Exposed: 4 ‘Retired’ F-117 Stealth Fighters Went Back to War?

By Staff Sgt. Aaron Allmon II -, Public Domain,
July 23, 2019 Topic: Security Region: Middle East Blog Brand: The Buzz Tags: StealthF-117Air RaidU.S. Air ForceF-117 Nighthawk

Exposed: 4 ‘Retired’ F-117 Stealth Fighters Went Back to War?

What did they do?

“During this extremely covert deployment the four Nighthawks flew missions over Syria and Iraq with Small Diameter Bombs (SDBs).”

After at least one F-117 had been spotted flying in Nevada and Eastern California last week, Scramble Magazine is reporting that “Back in 2017, and not published by any other source so far, Scramble received very reliable information that at least four F-117s were deployed to the Middle East as an operational need emerged for the USAF to resurrect the stealth F-117 for special purposes. One of the deployed aircraft was involved in an in-flight emergency and landed far away from its temporary home base that was likely located in Saudi Arabia, the UAE or Qatar.

“During this extremely covert deployment the four Nighthawks flew missions over Syria and Iraq with Small Diameter Bombs (SDBs).

“For now, with the vanishing of most terrorists (IS) from Iraqi an Syrian territory, it seems that the USAF found, once again, an opportunity to show the Nighthawk in the open. Check the pilot in a very comfortable position in his cockpit! Knowing he and his fantastic aircraft were watched and photographed by very lucky people!

“Late February the Nighthawks were flying openly over Death Valley with a LEHI call sign. On 26 February, F-117A with serial number 84-0824 and vague ’49OG’ flagship markings (Former 49th Operation Group), was working the flats at Panamint, Death Valley, with two F-16 chase planes at a height of 200ft. Hopefully, more information will be available in the near future.”

The F-117A Nighthawk is the world’s first operational aircraft designed to exploit low-observable stealth technology. This precision-strike aircraft penetrates high-threat airspace and uses laser-guided weapons against critical targets.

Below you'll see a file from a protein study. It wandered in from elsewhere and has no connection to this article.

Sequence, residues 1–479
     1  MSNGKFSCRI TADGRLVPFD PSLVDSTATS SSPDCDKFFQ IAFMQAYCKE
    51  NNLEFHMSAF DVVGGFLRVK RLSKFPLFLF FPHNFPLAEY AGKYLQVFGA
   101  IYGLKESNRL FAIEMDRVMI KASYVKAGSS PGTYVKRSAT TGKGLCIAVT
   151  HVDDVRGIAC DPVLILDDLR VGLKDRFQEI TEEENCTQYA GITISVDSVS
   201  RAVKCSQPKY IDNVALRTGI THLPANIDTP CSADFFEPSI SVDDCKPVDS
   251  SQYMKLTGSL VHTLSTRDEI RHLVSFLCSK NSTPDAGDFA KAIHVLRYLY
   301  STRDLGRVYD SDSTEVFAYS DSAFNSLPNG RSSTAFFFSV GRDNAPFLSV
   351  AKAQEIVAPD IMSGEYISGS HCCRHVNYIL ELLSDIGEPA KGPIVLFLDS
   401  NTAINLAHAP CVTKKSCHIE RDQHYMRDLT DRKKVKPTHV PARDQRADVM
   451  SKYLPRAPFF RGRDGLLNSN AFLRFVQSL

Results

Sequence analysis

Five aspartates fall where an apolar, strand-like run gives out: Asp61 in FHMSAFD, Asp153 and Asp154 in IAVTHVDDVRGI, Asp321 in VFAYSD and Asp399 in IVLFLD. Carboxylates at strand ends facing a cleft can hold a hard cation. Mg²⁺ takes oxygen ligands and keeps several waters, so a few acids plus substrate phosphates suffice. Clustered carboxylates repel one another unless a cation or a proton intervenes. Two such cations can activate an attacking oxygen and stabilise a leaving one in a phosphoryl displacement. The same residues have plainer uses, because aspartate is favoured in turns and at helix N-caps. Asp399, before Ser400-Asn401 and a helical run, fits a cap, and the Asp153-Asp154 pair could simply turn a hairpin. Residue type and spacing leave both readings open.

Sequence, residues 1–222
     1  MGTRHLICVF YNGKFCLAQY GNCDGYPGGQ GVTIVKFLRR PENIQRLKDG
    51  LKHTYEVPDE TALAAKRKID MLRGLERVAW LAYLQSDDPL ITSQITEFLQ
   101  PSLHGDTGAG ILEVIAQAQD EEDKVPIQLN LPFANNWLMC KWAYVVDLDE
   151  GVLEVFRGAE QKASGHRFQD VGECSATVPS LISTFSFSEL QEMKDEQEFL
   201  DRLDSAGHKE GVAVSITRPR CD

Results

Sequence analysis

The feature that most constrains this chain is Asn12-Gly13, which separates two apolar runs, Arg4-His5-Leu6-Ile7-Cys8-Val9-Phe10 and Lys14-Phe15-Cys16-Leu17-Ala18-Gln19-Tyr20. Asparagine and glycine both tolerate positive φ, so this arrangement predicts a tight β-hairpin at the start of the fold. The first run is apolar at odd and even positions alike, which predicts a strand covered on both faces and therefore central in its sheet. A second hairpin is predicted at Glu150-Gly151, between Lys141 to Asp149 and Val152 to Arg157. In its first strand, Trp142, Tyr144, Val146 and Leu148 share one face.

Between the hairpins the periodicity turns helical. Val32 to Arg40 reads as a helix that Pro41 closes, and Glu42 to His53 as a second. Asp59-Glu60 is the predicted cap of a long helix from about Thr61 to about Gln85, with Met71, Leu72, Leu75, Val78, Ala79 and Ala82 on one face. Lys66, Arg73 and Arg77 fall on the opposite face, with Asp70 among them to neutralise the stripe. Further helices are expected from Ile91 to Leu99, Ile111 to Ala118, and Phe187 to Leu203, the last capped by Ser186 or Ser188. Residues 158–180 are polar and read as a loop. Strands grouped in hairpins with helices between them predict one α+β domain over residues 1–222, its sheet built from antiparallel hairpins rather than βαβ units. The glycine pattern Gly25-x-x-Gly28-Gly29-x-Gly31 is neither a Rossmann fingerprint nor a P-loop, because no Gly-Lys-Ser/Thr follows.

The first F-117A was delivered in 1982, and the last delivery was in the summer of 1990. Air Combat Command’s only F-117A unit, the 4450th Tactical Group, (now the 49th Fighter Wing, Holloman Air Force Base, N.M.), achieved operational capability in October 1983.

During Operation Desert Storm in 1991, F-117A’s flew approximately 1,300 sorties and scored direct hits on 1,600 high-value targets in Iraq. It was the only U.S. or coalition aircraft to strike targets in downtown Baghdad. Since moving to Holloman AFB in 1992, the F-117A and the men and women of the 49th Fighter Wing have deployed to Southwest Asia more than once. On their first trip, the F-117s flew non-stop from Holloman to Kuwait, a flight of approximately 18.5 hours — a record for single-seat fighters that stands today.

In 1999, 24 F-117A’s deployed to Aviano Air Base, Italy, and Spangdahlem AB, Germany, to support NATO’s Operation Allied Force. The aircraft led the first Allied air strike against Yugoslavia on March 24, 1999.

Returning to the skies over Baghdad, F-117A’s launched Operation Iraqi Freedom with a decapitation strike on March 20, 2003. Striking key targets in the toppling of Saddam Hussein’s regime, 12 deployed F-117s flew more than 100 combat sorties in support of the global war on terrorism.

Officially the last F-117s left Holloman AFB in April 2008 with a stop at their birthplace in Palmdale, California, before ending up in their final resting place where their historic journey began in 1981 – Tonopah Test Range, Nevada. The aircraft were placed in Type 1000 storage in the event they were ever called back into duty.

In fact according to Scramble Magazine “ever since some fifty F-117As were retired from active duty in 2008, Nighthawk test-flying had been observed more often in the surroundings of Nevada’s Tonopah Test Range Airport, a part of Groom Lake or Area 51. The second half of 2016, the USAF revealed multiple Nighthawk sorties during daylight and even formation flying was witnessed.”

This article by Dario Leone originally appeared on The Aviation Geek Club in 2019.

Image: Wikimedia.